c. 1200, "morally evil; offensive, objectionable" (other 13c. senses were "malevolent, hurtful, unfortunate, difficult"), from Old Norse illr "evil, bad; hard, difficult; mean, stingy," a word of unknown origin. Not considered to be related to evil. From mid-14c. as "marked by evil intentions; harmful, pernicious." Sense of "sick, unhealthy, diseased, unwell" is first recorded mid-15c., probably from a use similar to that in the Old Norse idiom "it is bad to me." Slang inverted sense of "very good, cool" is 1980s..
early 13c., "do evil to," from ill (adj.). Meaning "speak disparagingly" is from 1520s. Related: Illed; illing.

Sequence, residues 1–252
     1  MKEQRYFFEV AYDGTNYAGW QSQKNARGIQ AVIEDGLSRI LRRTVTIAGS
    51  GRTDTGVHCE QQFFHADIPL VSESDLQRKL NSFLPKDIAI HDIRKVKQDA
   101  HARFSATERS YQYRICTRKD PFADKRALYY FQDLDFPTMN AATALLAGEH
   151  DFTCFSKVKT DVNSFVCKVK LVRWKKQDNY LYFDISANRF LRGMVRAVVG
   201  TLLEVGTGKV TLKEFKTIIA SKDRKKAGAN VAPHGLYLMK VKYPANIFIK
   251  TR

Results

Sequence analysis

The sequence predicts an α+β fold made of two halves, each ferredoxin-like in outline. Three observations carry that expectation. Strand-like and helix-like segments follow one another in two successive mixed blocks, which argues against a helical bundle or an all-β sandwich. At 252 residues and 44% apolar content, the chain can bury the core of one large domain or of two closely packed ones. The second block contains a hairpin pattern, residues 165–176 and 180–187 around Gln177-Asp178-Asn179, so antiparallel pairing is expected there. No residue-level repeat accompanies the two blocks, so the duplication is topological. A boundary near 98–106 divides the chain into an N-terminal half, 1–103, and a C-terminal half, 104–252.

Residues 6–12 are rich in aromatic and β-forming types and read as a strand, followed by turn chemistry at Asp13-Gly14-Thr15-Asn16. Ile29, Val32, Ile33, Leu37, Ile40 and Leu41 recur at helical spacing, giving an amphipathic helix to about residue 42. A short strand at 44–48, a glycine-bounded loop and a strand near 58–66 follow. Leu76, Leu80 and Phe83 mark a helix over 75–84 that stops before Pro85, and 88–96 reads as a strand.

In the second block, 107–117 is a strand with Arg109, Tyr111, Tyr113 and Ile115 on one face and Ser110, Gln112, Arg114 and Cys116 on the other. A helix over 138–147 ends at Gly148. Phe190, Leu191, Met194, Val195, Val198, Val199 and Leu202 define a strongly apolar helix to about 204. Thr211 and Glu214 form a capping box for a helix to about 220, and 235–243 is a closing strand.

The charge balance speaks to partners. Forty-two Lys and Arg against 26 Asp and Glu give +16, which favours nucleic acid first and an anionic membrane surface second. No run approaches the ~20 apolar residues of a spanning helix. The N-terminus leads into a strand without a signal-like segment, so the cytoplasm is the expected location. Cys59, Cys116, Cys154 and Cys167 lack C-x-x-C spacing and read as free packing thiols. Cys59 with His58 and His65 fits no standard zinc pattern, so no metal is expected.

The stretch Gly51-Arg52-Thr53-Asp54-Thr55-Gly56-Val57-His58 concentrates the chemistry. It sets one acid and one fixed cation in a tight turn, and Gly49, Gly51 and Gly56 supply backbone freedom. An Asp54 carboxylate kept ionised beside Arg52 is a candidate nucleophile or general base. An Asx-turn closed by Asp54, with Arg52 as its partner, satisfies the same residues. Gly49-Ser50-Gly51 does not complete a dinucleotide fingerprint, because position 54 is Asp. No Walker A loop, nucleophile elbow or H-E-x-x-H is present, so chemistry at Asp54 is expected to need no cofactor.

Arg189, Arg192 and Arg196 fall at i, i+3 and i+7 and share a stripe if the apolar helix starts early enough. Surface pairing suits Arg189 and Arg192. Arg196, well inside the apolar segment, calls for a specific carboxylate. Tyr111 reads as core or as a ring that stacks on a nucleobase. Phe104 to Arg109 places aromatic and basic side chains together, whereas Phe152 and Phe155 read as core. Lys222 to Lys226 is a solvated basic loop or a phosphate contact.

c. 1200, "wickedly; with hostility," from ill (adj.). Meaning "not well, poorly" also is from c. 1200. It generally has not shifted to the realm of physical sickness, as the adjective has done. Ill-fated recorded from 1710; ill-informed from 1824; ill-tempered from c. 1600; ill-starred from c. 1600. Generally contrasted with well, hence the useful, but now obsolete or obscure illcome (1570s), illfare (c. 1300), and illth.